NEW YORK (Reuters Health) Aug 13 - There is no association between varicella vaccine failure and asthma or inhaled steroid use in children, according to a report in the electronic pages of the August issue of Pediatrics. However, use of oral steroids does seem to be a risk factor.
"A sevenfold increased risk of breakthrough among vaccinated children with asthma was observed in a 1996 varicella outbreak in a child care center," note Dr. Robert T. Chen with the National Immunization Program at the Centers for Disease Control and Prevention in Atlanta, Georgia, and colleagues.
To investigate further, the team examined data on varicella occurring more than 42 days after vaccination among children born after 1993 and followed through 1999 at two health maintenance organizations (HMOs A and B).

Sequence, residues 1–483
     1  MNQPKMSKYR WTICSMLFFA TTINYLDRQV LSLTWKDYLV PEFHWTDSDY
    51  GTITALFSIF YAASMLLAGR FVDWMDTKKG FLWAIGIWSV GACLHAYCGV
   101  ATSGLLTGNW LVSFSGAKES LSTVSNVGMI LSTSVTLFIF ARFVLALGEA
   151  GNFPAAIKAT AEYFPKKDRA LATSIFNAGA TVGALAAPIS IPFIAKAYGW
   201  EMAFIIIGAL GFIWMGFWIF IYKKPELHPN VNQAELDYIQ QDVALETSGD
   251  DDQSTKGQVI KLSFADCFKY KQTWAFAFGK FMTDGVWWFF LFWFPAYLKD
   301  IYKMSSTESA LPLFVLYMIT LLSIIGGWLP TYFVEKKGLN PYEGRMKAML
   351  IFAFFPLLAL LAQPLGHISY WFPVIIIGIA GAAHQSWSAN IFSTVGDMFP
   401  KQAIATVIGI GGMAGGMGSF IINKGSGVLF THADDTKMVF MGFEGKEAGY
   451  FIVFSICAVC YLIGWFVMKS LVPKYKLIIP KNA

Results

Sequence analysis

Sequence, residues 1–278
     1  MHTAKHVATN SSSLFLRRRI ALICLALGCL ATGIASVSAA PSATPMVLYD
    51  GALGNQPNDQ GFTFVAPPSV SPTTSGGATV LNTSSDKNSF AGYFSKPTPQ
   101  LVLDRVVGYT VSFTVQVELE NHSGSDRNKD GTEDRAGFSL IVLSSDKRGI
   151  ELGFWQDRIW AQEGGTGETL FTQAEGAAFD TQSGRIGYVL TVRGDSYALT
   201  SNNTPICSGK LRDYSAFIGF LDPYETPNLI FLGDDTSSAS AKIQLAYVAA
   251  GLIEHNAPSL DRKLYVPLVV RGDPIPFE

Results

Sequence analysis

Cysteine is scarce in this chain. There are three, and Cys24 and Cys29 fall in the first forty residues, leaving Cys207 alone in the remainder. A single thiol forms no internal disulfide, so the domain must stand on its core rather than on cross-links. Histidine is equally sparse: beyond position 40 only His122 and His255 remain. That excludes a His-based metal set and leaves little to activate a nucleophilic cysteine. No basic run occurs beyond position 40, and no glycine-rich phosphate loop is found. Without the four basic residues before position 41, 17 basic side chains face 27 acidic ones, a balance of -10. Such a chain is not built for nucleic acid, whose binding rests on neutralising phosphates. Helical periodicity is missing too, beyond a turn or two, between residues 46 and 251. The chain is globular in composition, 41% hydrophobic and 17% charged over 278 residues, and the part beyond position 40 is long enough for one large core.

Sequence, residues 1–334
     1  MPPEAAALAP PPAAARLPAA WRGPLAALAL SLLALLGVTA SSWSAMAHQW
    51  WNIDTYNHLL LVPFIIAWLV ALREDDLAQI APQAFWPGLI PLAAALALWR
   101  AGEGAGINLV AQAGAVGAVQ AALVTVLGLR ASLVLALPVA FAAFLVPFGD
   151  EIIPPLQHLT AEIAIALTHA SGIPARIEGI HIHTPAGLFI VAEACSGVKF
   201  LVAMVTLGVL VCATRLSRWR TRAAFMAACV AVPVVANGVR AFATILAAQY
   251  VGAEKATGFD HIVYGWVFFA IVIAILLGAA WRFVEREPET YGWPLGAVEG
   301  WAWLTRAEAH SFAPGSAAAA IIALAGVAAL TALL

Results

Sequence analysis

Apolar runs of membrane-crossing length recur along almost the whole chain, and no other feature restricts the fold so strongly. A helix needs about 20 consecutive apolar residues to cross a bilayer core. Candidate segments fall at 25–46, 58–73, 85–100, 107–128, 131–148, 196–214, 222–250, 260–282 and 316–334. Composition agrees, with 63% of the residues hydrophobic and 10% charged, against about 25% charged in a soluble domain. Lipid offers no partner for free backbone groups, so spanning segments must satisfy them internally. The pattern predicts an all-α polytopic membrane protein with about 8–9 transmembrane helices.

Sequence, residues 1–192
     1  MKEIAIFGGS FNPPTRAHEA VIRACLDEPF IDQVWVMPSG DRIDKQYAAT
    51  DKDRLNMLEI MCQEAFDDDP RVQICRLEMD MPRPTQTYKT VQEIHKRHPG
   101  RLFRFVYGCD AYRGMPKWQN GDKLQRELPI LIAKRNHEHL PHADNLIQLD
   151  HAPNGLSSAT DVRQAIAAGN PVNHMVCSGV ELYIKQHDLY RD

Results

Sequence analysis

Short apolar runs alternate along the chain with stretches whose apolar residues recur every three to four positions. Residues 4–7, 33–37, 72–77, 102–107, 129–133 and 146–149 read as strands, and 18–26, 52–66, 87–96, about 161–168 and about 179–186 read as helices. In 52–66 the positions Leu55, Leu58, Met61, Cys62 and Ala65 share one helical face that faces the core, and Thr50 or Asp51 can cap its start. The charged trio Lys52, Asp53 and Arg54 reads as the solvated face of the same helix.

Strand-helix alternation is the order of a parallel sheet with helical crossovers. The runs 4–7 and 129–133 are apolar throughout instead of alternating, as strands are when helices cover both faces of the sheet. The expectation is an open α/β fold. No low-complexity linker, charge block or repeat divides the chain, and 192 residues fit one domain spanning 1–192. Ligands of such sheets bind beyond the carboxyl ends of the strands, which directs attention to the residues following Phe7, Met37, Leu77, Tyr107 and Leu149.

Among 80,584 children vaccinated against varicella at HMO A and 8181 vaccinated at HMO B, the investigators observed 268 and 97 breakthrough cases, respectively. There was no association between varicella breakthrough and asthma, inhaled steroids prescribed at any time, or oral steroids prescribed before varicella vaccination.
The risk of varicella breakthrough was increased in the 3 months immediately after prescription for oral steroids at HMO A (adjusted relative risk = 2.4) and HMO B (adjusted RR = 2.8).
"The previous finding of asthma as a risk factor for vaccine failure may be attributable to the confounding effect of [oral] steroid treatment for asthma, which was not examined," the investigators conclude.